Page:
“I’d like to get all the colors in the world into one painting.” Willem de Kooning
I grew up surrounded by paintings done by mom and dad. One of my favorites is a large canvas that still hangs over the mantle in the living room. It was painted by my dad in the late 60’s. At some point in grade school, I can’t remember exactly when, I asked him about it. That was the first time I heard the name Willem de Kooning.
I have to admit that I never really liked de Kooning’s paintings, especially the later works. The colors seem so garish. The images so – well – ugly. The paint seemingly applied haphazardly. The work apparently unfinished.
In art history classes I learned that de Kooning is considered one of the most important painters of the 20th century – a leader in the Abstract Expressionist movement and a master of dynamic, gestural, action painting. How could something I considered ugly be Art with a capital “A”?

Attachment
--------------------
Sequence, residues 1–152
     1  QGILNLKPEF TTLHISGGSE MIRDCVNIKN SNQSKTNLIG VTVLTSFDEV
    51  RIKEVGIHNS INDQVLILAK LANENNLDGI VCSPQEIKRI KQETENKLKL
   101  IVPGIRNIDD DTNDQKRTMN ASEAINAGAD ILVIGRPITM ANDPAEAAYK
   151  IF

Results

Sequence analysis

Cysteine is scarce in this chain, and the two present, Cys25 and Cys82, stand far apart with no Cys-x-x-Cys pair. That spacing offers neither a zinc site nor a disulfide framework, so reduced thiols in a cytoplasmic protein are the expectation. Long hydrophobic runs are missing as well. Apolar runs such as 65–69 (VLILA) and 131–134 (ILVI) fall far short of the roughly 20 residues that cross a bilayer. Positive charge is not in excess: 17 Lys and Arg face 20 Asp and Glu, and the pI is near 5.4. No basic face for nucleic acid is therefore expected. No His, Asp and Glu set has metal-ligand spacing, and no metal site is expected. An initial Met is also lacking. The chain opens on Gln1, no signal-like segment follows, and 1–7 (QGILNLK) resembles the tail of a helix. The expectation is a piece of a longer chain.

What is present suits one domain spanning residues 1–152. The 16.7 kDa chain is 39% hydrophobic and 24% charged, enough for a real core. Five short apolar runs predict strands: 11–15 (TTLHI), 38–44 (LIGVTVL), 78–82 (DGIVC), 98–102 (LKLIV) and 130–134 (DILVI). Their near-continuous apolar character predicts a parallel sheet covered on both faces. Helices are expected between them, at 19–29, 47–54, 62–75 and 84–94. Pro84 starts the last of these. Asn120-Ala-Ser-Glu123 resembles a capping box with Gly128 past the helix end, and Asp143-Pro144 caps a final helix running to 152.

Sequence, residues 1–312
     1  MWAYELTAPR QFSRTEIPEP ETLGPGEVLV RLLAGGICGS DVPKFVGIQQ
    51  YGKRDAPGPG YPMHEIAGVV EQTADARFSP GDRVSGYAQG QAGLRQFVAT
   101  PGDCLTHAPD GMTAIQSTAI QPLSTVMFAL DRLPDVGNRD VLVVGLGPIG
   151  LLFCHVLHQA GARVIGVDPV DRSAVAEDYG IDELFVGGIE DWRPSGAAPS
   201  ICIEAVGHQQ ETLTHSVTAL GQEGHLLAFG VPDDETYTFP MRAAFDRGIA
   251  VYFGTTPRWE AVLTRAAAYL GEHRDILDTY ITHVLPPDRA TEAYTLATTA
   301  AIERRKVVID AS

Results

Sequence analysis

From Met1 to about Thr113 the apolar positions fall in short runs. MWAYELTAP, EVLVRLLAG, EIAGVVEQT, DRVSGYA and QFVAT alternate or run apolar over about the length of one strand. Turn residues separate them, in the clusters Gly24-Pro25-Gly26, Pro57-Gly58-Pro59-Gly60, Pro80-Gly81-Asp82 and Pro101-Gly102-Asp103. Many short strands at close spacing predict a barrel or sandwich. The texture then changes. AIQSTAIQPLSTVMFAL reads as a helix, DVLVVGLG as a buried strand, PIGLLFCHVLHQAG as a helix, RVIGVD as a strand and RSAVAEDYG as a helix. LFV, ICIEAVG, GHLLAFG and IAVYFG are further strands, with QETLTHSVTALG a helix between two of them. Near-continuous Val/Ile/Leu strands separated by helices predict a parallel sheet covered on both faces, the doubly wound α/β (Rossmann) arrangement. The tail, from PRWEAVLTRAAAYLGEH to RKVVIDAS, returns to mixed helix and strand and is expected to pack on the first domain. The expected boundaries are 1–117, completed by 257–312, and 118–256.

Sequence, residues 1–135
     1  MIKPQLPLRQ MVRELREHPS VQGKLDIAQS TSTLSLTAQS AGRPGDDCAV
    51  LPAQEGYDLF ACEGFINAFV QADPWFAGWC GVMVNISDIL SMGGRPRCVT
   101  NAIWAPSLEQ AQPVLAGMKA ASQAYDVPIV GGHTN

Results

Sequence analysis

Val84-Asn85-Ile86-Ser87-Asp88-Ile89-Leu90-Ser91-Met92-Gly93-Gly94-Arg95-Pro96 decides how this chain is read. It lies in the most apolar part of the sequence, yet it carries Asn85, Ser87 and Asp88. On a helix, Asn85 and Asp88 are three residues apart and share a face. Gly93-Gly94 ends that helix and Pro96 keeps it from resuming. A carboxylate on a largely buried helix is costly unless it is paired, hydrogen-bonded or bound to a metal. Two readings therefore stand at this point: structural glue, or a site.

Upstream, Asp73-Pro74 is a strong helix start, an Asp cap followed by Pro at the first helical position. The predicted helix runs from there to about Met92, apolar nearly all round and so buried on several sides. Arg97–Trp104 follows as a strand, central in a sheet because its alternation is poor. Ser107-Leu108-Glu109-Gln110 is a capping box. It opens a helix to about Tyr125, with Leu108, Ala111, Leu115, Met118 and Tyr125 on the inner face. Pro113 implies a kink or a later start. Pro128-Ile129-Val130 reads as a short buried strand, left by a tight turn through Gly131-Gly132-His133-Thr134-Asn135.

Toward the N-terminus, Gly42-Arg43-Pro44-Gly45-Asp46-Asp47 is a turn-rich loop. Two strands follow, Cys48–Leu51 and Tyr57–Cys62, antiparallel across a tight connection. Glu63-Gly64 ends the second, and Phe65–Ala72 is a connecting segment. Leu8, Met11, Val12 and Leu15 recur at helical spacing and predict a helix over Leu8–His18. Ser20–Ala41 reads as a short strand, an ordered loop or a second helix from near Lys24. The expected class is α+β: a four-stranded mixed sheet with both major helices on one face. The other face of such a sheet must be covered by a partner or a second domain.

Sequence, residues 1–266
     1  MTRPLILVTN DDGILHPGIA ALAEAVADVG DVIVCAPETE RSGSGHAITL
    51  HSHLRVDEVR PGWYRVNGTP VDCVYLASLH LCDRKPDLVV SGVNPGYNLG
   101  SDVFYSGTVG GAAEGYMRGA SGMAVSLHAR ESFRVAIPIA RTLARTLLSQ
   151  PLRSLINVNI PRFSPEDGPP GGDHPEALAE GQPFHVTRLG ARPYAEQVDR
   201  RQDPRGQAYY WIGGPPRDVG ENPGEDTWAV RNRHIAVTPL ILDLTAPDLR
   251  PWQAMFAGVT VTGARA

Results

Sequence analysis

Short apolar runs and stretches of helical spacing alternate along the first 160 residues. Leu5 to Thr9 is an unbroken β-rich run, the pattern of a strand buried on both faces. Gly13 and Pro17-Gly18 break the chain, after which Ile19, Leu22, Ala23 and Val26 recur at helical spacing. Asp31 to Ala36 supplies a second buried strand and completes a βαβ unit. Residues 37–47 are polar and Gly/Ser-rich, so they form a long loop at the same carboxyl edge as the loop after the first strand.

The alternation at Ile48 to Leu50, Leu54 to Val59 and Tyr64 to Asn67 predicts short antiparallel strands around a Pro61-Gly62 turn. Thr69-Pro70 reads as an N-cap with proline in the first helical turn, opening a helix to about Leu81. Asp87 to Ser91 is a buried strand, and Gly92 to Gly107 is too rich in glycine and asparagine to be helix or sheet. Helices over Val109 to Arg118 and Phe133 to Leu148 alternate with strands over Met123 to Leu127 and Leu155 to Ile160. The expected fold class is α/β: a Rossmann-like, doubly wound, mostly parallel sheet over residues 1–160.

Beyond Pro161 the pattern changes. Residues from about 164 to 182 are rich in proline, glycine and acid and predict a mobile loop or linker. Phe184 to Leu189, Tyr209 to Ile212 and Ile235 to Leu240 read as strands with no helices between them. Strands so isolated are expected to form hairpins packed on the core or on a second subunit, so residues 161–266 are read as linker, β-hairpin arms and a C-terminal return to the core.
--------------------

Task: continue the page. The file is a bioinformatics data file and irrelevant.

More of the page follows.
During one of the forums at the opening of the Terra Nova show in October, the director of the Racine Art Museum, Bruce Pepich, asked the audience of polymer artists to consider the difference between “pretty” and “beautiful.”
Pepich and Lena Vigna, the curator for the polymer show, suggested that something “ugly” could be beautiful but never pretty and dared us to stop making pretty things and start making beautiful things. I’m still absorbing this difficult idea.
The recent major MoMA retrospective of de Kooning’s work and the invitation from the Xanudu Gallery to join the virtual book group reading the 2005 Pulitzer prize winning biography de Kooning: An American Master by Mark Stevens and Annalyn Swan came at just the right time.
I’m going to read the book and spend some time going through the decades of de Kooning images on the MoMA site. I’m hopeful that this will give me some insights into where his art came from, some idea of why he is one of my father’s influences, and a better appreciation for the beauty of ugliness.